We hear comparisons between this policy and airport searches. For a start, catching planes is optional, for most New Yorkers, catching public transport isn’t. Are we to risk being fired for tardiness because we turned around and didn’t want out possessions riffled through by the government?

Secondly, airport searches are fairly effective, they provide a real barrier to taking explosives and metal weapons onto planes. And finally courts have held that magnetometers and metal detectors are not “searches”. By any standard, a policeman poking through your handbag or back pack is a search’.

And again we hear that famous cliché, the one President Bush can’t go on TV without saying – it “Sends a message.” The message senders, these same people who oppose a vaccine for Human Papiloma Virus, morning after contraception, needle exchanges, and even condoms, love this policy. The whole over-worn (count how many times a day you hear it) “Send a message” cliché is usually employed as a veiled threat or justification for all manner of stupidities, from invading Iraq, to wellsubway searches. When you hear it, as well as that old chestnut “In this post 9/11 world”, you just know something terribly stupid or some horrible policy is about to be announced. A policy like random bag searches.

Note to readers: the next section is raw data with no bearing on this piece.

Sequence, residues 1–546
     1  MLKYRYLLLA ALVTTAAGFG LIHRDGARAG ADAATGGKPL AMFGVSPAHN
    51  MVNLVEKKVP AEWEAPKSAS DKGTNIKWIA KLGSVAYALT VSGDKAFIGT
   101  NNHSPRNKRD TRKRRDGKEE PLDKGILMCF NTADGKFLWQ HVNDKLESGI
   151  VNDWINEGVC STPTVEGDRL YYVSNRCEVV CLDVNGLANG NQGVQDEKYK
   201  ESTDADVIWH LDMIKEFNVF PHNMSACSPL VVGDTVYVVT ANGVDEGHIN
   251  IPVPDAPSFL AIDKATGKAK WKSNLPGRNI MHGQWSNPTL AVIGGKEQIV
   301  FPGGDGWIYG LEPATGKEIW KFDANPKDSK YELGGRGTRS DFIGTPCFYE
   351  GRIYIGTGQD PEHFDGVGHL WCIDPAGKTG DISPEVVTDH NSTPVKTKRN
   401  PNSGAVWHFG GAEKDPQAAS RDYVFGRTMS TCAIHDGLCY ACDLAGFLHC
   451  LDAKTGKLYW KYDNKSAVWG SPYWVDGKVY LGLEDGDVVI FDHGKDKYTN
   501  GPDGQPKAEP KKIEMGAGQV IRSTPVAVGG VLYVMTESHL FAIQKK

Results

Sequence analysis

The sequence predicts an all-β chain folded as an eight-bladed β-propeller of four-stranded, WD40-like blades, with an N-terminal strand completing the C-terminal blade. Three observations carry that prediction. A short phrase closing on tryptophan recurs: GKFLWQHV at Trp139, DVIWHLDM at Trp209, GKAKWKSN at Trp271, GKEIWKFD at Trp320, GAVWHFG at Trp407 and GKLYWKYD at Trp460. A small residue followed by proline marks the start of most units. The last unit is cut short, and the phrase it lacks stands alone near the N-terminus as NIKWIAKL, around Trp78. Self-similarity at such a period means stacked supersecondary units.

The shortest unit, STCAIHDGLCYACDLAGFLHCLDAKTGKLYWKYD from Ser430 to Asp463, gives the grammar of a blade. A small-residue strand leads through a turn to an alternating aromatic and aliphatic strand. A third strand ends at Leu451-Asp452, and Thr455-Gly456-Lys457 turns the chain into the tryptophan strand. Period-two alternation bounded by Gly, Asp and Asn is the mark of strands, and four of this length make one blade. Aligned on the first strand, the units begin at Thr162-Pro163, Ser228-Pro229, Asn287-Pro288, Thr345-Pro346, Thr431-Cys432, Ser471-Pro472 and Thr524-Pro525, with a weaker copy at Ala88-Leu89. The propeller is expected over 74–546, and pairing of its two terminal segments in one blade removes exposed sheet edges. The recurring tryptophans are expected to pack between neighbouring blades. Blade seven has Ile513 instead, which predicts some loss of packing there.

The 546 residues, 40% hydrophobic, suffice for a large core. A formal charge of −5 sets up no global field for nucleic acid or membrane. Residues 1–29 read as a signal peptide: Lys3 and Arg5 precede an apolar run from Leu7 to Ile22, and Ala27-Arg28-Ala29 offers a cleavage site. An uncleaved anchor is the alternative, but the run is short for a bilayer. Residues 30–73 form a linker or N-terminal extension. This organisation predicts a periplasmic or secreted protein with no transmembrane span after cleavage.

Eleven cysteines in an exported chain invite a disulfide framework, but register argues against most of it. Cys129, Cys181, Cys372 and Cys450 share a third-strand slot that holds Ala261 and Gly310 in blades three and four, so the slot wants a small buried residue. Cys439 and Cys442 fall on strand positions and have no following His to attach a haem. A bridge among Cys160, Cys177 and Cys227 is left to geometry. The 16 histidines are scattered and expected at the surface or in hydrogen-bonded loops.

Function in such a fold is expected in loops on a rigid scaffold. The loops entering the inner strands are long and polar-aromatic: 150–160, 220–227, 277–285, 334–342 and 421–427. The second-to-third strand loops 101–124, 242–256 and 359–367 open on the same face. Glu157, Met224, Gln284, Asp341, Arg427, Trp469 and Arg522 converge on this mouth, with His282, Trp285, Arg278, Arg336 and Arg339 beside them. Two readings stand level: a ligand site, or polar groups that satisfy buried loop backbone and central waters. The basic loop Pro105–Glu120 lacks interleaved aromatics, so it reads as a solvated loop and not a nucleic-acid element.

The final horror here is that there’s nothing to suggest this is the government’s last demand. Freedom is usually destroyed in a gradual manner, it is less noticeable then. It is a short step from random subway bag searches, to random street searches, from making it optional to making it compulsory, from not asking for ID, to demanding it. And this latest policy has been put in place without even any terrorist actions against the United States! Imagine how few rights we’ll have left when something does happen here?

What freedom do we have when the government can do exactly what it wishes because it has manufactured a climate of fear like this administration has, and what freedom do we deserve when we as a society and as individuals just lie down and take it?

DAVID ANDERSON is a criminal defense attorney in New York City. He can be reached at: DocInNy@yahoo.com

 

David Anderson has a B.A. (Hon.) in Middle East politics from Melbourne University and did post graduate work at Georgetown University. He grew up in Australia and is a retired attorney in New York City.

More articles by:
Weekend Edition
July 29, 2016
Friday - Sunday
Michael Hudson
Obama Said Hillary will Continue His Legacy and Indeed She Will!
Jeffrey St. Clair
She Stoops to Conquer: Notes From the Democratic Convention
Rob Urie